Last summer I started taking my friend Carol’s Zumba class. I got hooked and became a regular. I’m very awkward at it but I love the cardio, fun music, routine, and camaraderie that the class provides — or now, I should say, provided. I haven’t been able to attend the class for several weeks in order to do my part in preventing the spread of COVID-19. I have missed it!
I was thrilled this week when Carol sent out emails with videos of her routines that I could follow from home. They aren’t done in a professional video studio with perfect sound and lighting, and the participants aren’t in matching outfits with lovely smiles. Instead they are my friends, in their workout clothes, doing the routines that are familiar to me and that make me smile.
As humans, we seek the familiar and the routine. Habitual behaviors in both humans and animals can induce relaxation to help us manage stress during these uncertain times. These patterns heighten our belief that we are in control of our situation even when we aren’t. At this time of constant change, help provide both structure and routine to your employees and colleagues by encouraging these behaviors:
- Get up and get dressed, just as you did before.
- If you typically had an in-person staff meeting on Mondays at 9am, continue with that day and time. Keep the agenda as similar as possible.
- If you had lunch with Alex most Tuesdays, continue this plan. Just do it virtually.
- If you previously listened to background music in the office, use the same soundtrack at home. You may never have liked it, but now is not the time to switch it up.
- Create as many routines as possible. Work the same hours, stop for lunch at the same time, and end your work day as you always have.
Please let me know what routines you have established. What’s working?
It was just a few weeks ago that I was sitting at lunch with a future client, Salim. Salim shared with me that he was recently hired by an organization in a new HR director role. He was excited about the position since he was an experienced professional of 25 years and felt confident that he could lead the HR department in a positive direction. Unfortunately, he came to realize that there is no HR budget, no infrastructure, and no systems in place.
The CEO whom Salim reports to is a brilliant engineer, very accomplished in his field, but he is not respected in his company for anything other than his engineering background. Read between the lines…The CEO is not an effective leader.
At our lunch, we also talked about our personal lives. Salim had just bought a new condo and was setting up a workshop in his garage. He was very excited about it.
I shared this perspective with Salim: Both the HR function of Salim’s company and his condo are blank slates, waiting for him to make them effective. Salim knew that the HR function needed an automated payroll system, an applicant tracking system, an employee development plan, and a performance management system (just to get started!). His workshop also needed enhancements, such as a workbench, table saw, and drill press.
We agreed that Salim would start building a robust HR department and that he would stop waiting for direction or asking for permission. He would spend money on well-researched and necessary services, processes, and systems.
When I checked in with Salim last week, he was not yet building any of the systems we had discussed. Instead, he had formed an ad hoc committee with the CFO, the CIO, and two members of the board to make recommendations to the CEO regarding the Coronavirus. In an absence of leadership, Salim had become a leader.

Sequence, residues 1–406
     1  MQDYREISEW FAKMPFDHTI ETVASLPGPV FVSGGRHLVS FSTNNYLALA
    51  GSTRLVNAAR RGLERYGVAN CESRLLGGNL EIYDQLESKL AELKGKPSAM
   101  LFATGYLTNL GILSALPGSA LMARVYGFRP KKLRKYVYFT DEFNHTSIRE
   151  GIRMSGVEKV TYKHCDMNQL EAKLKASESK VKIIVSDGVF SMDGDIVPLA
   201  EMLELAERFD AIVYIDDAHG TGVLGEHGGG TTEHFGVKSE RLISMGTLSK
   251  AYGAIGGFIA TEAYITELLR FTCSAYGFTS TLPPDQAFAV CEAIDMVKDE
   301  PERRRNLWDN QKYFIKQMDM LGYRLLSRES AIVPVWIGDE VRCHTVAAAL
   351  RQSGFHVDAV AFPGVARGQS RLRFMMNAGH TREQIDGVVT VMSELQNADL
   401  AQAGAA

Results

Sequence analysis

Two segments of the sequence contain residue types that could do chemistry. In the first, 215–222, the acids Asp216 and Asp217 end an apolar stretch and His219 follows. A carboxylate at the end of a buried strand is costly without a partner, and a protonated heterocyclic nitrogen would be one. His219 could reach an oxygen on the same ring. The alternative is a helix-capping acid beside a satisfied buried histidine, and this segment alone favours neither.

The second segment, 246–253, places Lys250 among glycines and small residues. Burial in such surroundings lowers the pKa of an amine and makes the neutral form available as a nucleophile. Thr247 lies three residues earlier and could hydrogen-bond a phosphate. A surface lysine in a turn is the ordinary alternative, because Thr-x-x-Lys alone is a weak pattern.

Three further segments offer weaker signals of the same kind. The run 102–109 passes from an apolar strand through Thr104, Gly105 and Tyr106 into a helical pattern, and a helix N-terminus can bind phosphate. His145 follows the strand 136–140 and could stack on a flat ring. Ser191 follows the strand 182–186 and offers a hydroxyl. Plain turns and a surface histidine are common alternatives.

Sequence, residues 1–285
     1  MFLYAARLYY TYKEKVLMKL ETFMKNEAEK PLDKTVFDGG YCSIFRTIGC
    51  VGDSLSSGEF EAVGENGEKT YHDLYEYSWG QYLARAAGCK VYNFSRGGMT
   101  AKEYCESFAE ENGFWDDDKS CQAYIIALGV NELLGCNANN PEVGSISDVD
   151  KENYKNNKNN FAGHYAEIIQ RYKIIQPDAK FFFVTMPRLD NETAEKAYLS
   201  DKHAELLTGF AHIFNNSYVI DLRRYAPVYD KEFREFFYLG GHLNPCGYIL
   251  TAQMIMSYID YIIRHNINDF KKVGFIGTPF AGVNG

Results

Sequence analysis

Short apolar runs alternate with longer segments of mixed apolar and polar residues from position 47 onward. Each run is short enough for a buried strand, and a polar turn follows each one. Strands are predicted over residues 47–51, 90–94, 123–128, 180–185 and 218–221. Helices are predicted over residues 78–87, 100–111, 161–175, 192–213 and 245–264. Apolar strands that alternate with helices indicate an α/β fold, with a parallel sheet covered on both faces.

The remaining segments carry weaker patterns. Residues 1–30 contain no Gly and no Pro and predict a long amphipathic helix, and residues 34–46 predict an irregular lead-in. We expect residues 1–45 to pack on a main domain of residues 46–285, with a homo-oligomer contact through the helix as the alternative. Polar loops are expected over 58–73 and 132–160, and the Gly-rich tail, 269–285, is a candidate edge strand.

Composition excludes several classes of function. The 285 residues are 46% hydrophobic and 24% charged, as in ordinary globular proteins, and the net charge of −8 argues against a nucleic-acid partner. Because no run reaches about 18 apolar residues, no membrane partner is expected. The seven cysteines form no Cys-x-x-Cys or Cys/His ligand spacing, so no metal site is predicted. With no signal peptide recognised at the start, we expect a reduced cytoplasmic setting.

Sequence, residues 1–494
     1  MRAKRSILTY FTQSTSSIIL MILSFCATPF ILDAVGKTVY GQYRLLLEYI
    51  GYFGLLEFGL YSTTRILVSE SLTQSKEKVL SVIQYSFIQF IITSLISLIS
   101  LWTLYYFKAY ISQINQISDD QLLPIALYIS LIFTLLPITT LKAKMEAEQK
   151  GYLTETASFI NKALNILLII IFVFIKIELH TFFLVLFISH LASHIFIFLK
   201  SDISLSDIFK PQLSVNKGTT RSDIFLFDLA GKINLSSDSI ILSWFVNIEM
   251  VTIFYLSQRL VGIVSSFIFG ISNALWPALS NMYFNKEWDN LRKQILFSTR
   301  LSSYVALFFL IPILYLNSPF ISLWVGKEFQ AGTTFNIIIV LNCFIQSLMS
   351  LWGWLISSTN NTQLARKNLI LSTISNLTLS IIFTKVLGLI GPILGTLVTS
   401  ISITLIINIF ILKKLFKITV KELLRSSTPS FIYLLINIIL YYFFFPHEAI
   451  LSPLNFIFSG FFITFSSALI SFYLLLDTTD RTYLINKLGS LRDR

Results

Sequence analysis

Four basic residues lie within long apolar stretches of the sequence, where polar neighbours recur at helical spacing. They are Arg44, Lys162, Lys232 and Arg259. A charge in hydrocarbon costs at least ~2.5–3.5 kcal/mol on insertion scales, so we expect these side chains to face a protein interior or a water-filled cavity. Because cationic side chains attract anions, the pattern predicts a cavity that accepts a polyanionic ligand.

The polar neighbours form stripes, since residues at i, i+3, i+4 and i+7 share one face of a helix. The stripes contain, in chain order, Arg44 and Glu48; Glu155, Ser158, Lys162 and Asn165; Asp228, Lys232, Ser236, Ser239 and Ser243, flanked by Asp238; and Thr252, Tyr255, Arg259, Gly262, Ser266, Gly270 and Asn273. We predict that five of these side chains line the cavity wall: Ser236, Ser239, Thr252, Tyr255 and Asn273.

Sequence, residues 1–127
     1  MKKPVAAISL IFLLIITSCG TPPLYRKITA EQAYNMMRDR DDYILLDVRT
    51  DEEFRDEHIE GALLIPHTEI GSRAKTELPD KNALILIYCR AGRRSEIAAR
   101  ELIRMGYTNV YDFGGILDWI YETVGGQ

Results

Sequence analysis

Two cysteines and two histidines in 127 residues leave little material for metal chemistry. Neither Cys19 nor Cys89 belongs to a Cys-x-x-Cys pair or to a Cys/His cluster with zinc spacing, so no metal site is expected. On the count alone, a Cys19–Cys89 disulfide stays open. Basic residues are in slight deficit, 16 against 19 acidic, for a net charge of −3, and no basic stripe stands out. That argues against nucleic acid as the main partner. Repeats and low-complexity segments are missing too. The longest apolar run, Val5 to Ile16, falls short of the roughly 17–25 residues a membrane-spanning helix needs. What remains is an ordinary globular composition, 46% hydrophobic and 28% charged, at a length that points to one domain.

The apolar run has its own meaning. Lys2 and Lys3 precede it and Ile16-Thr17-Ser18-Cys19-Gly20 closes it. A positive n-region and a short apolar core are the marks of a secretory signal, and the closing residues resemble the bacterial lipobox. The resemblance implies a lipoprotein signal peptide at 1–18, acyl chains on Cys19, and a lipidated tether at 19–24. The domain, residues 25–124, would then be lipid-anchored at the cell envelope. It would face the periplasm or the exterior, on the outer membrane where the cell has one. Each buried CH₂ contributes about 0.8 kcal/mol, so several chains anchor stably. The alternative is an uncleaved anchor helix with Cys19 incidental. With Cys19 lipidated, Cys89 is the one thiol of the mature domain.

Even if you are new in a role, you are a leader.
Even if you don’t have a budget, you are a leader.
Even if you haven’t been given direction, you must be a leader.
When you are in an organization where leadership is lacking, step up and fill the void.
If you coach a youth sports team, send encouragement and stay connected to the kids. If you sing in a choir, set up a virtual practice. If you are an employee and you can see a way to help, step up!
If your organization is giving direction, follow it. In the absence of leadership, collaborate with colleagues and stakeholders and move forward. Everyone is a leader!
The Centers for Disease Control and Prevention is providing new information every day in order to help you make the best possible decisions for your organization. If you want to be followed as a leader, lead.
When I was beginning my career, I supervised a woman named Kristin. Kristin worked at the front desk and was the first person visitors who came to our department met. Kristin was a brilliant editor and writer, but when guests entered, she barely looked up from her work. She didn’t greet them with a smile, sometimes she even grunted!
Her colleagues didn’t even know whether to say good morning or just walk by her desk.
Now in this new, virtual workplace we are experiencing, I am being cc’d on a lot of internal messages. Whether you are using Slack, email, or another virtual platform, a few of you are virtually “grunting”!
When employees are stressed, every interaction is magnified. And trust me, everyone is stressed! And everyone is juggling.
When employees are virtual, texts and emails can be interpreted as impersonal or even harsh. Think of each message you send as an opportunity to create more connection, camaraderie, and support. Ask how your employees and colleagues are doing, take time to read their answers, and respond with kindness.
When it’s appropriate, use this time to create social connections with employees and staff. My daughter Katie is home from college taking part in remote learning. When she logged in for her first online class, she just saw a dog on the screen with her professor’s voice in the background. That certainly brought humor and levity to the course! Feel free to use his same idea.
What interesting and workplace-appropriate ways can you start meetings?
Please let me know how you are doing!